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- Should You Ever Send Money to Reserve an Apartment in Mexico City?
Well over a year ago, I showed up to Roma Norte of Mexico City to check out an apartment building.
I had lived in the building before as it was the first building I ever lived in down here in Mexico City.
There happened to be another woman (a Mexican gal) who showed up also to check the place out.
And the Mexican dude -- who I remember dealing with years ago when I first showed up -- arrived eventually.
Which it was kinda funny to see the same dude again after all these years. We recognized each other and made small talk.
Anyway, he showed me the room for rent first.
When we walked up the stairs, he even remembered somehow the room I likely lived in years ago and pointed out "this is where you were last time, right?"
Kinda interesting to be back in the same place as I contemplated moving back to this neighborhood.
Ultimately, I chose to go back to this building because I already was familiar with it and knew it wasn't a terrible spot.
Though the room I was going to rent out the second time was a little bit nicer than the first time I was in this building.
He showed me it.
It looked fine.
Then we go onto the balcony and make some small talk as he asks me "how do I like it?"
And I tell him that I am down to rent it out right away as I was planning on moving in only a few days.
But I didn't have obviously the entire rent and the deposit in hand to give him right there and then.
I'd obviously need to go to an ATM machine to pull out cash or send it to him electronically somehow.
Knowing that there was another woman who wanted the same space and I had to move out in a few days, I decided to make him an offer.
"Can I give you some money to reserve the space and I pay you the rest of the cash owed in a day or two?"
He crossed his arms.
"How much?" he asked me with a look of contemplation.
And I tell him that "I have about 500 pesos on me right now. I just need to pull some extra cash out later and get my stuff but I can move in only a day or two."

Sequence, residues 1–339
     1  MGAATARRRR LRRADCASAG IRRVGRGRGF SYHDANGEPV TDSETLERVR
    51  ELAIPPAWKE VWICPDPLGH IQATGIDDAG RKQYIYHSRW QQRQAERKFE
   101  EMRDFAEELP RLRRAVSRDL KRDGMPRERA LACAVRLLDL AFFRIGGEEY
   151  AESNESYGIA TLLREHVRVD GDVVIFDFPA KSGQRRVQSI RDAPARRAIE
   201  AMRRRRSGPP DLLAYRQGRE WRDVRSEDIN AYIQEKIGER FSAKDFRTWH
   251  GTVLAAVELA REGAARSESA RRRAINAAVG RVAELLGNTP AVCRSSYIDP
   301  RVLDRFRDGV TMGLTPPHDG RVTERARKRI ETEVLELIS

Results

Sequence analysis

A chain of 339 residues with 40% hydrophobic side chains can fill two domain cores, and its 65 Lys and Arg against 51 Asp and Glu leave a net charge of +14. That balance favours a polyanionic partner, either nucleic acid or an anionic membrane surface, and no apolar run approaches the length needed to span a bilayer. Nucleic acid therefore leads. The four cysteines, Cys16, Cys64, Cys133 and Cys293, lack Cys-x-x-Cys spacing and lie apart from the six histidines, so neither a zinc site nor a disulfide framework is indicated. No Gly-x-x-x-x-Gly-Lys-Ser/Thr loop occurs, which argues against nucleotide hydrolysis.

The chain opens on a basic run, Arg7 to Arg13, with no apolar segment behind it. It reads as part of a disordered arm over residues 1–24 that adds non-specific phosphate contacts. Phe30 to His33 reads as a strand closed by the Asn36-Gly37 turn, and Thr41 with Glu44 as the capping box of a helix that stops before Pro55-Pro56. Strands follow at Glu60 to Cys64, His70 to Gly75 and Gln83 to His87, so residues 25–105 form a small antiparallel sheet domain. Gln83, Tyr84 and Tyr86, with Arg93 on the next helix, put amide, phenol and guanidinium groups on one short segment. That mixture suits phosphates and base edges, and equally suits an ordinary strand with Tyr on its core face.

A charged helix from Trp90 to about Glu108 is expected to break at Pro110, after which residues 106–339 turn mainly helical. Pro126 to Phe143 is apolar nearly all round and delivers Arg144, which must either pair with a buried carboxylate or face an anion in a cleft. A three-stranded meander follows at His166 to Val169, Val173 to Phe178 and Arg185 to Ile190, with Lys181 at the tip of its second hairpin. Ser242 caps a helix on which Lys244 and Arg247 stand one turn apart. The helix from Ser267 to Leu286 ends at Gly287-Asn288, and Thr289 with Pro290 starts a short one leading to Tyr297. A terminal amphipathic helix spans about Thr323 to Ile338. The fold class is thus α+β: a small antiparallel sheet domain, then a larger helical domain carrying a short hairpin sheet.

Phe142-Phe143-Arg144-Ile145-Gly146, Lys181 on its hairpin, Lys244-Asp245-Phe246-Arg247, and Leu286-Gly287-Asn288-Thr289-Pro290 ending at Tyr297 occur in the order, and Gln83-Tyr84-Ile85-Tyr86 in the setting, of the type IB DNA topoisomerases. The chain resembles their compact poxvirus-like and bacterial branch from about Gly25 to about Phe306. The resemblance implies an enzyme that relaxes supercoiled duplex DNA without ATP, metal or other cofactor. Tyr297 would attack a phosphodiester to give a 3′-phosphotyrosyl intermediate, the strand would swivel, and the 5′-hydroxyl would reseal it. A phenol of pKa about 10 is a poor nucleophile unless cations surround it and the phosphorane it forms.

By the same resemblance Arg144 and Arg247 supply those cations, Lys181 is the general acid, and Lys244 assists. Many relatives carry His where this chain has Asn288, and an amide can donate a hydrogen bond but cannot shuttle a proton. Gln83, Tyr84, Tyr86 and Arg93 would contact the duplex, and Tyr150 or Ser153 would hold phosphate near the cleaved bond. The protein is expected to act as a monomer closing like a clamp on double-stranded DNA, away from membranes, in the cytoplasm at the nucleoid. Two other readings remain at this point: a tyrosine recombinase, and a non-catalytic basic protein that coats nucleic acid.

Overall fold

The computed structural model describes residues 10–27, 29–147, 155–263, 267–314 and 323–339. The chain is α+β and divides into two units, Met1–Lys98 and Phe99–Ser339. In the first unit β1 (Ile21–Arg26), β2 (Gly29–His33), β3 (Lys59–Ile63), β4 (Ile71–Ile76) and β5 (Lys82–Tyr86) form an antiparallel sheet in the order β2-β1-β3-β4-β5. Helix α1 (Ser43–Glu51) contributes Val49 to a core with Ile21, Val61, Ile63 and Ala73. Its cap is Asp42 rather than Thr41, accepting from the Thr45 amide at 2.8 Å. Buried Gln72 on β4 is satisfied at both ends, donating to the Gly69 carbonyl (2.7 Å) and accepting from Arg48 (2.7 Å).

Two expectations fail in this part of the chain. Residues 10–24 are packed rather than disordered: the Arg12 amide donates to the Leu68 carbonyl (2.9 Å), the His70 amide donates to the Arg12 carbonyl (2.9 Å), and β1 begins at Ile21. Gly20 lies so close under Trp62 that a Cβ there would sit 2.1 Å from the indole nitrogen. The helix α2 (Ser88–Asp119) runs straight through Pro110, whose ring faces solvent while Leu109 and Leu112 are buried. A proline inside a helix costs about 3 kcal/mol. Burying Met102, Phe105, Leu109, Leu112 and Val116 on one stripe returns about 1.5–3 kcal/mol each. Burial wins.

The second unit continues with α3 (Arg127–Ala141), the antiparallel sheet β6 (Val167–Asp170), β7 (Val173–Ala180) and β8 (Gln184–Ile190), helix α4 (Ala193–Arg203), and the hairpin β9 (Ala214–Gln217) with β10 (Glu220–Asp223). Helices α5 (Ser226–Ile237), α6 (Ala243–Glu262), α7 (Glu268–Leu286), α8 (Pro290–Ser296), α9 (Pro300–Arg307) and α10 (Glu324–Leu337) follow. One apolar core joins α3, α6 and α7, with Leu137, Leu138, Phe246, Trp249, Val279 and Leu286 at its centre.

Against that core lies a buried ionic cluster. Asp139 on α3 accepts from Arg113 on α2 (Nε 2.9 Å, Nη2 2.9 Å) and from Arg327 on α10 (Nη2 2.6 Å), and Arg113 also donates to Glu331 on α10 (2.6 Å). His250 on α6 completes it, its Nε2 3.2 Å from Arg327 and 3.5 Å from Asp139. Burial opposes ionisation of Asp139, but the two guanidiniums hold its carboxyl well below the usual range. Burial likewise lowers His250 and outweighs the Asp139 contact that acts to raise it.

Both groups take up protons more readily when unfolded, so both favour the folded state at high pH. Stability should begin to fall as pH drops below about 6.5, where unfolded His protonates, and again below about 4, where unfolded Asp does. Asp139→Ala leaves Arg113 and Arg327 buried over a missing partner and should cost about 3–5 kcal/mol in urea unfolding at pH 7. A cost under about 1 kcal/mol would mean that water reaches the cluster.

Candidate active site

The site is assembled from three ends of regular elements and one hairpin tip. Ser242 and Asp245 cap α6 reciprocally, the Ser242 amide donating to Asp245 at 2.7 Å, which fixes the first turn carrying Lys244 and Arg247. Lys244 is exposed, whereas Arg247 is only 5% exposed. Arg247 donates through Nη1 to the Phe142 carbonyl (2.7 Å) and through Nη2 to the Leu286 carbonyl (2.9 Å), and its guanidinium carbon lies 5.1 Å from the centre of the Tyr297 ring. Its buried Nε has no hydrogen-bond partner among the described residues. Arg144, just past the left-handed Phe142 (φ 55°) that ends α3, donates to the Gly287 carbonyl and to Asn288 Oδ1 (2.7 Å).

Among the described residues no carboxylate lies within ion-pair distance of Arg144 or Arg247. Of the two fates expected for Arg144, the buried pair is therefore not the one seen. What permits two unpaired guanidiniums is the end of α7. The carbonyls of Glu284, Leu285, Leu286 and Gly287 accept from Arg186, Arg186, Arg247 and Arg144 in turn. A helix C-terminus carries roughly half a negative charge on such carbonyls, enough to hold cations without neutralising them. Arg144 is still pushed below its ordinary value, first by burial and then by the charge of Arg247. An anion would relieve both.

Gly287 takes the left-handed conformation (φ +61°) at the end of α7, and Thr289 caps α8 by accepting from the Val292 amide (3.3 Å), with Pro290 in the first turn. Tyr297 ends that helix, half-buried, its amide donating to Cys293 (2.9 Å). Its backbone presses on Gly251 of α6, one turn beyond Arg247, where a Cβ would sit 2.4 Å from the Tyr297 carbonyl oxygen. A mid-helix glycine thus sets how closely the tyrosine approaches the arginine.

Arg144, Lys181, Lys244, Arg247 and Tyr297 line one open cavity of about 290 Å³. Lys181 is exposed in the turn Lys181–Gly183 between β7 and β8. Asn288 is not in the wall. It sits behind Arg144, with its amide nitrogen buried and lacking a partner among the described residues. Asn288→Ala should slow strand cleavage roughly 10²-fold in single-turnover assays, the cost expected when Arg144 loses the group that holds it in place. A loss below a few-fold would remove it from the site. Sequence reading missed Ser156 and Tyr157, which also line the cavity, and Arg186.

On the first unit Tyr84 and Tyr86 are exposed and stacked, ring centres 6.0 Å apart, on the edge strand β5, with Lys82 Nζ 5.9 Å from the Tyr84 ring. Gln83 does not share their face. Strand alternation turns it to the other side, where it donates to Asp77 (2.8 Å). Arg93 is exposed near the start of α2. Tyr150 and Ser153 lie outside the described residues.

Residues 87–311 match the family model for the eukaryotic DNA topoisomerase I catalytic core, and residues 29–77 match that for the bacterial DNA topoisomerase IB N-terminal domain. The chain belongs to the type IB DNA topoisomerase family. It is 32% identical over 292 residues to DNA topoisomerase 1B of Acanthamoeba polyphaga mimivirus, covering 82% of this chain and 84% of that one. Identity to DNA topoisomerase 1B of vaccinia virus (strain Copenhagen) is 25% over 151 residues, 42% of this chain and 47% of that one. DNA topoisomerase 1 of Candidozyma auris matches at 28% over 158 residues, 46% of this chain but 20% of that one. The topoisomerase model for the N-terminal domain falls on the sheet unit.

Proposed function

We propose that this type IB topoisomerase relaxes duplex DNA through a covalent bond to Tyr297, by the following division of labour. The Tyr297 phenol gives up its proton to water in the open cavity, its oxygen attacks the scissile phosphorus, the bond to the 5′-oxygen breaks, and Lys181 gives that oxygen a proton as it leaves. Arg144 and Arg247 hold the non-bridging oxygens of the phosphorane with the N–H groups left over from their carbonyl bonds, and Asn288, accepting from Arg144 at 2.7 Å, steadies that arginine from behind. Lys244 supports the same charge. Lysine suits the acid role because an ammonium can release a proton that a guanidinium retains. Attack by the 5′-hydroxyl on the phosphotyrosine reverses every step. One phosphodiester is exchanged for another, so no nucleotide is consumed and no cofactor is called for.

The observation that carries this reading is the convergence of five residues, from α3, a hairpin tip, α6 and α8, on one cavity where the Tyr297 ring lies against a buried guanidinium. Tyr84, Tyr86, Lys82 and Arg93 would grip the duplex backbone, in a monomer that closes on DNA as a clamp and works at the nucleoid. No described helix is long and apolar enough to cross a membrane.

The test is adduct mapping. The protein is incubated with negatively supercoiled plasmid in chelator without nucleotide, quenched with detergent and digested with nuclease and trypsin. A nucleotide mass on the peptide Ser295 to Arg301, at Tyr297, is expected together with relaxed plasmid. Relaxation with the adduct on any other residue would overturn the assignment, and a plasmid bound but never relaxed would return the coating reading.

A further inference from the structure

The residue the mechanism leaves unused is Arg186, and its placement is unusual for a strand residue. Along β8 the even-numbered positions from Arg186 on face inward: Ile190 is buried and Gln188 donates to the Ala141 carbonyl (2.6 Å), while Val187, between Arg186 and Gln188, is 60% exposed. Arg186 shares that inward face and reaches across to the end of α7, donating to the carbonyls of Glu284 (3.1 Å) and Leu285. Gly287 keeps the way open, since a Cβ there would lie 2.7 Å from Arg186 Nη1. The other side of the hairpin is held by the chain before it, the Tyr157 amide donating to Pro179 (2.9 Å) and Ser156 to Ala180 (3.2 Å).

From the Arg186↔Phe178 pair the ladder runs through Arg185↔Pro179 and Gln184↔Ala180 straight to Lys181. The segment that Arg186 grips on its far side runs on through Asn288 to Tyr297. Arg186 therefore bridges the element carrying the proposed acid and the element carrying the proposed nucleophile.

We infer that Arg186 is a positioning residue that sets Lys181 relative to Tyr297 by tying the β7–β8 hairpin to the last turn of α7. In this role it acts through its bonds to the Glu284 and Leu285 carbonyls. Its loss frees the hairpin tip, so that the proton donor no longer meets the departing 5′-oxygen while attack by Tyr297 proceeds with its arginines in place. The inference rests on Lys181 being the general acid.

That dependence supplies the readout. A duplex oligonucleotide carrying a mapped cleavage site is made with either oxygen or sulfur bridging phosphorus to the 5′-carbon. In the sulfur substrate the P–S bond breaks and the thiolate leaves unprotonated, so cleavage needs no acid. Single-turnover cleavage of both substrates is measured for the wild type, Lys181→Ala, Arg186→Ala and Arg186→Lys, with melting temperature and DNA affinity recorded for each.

Which, for those who don't know, 500 pesos is about 25 bucks.
And it worked for him without question.
Now, to be fair, probably these things helped me: the fact that he had done business with me before and remembered me as a decent client and that I would be coming in only a day or two later.
So, taking the 500 pesos now, it's not like it would be a great risk for him.
Would basically cover the cost of renting out the room for a day or two to someone if they happened to only want to be there for a day or two.
If I didn't show, he could keep looking to rent it out to someone else.
And I trusted him also because I had done business with him before and also because it was only 25 bucks.
If the dude was to somehow fuck me other and rent it out to someone else while keeping the money, it wouldn't be like it would break the bank or anything.
Ultimately, he agreed to the deal.
I gave him the 25 bucks.
He told me that he would have to go downstairs to let the other woman know that the room is no longer available (sucks to be her given she traveled to the spot) and came back up soon with a contract and his laptop.
I filled out the information for the contract.
Agreed to show up in a day or two (I think by Friday at latest).
And that was it.
By offering cash right there to reserve the space, I was able to secure it and not risk someone else taking the spot before I could move in.
Now, to be fair, I know this is a sensitive issue for people in Mexico and also around the world.
That issue being how you shouldn't send money ahead of time (apartarlo) to reserve the space.
As I wrote here, you often have a lot of people in Mexico City (and likely any other country) that try to get you to send money to reserve a space so nobody rents it out.
You send the money (without even having seen the place in person necessarily) and they steal it and block you.
As you can see online from time to time, it's an issue that comes up in Mexico City Rental Facebook pages all the time.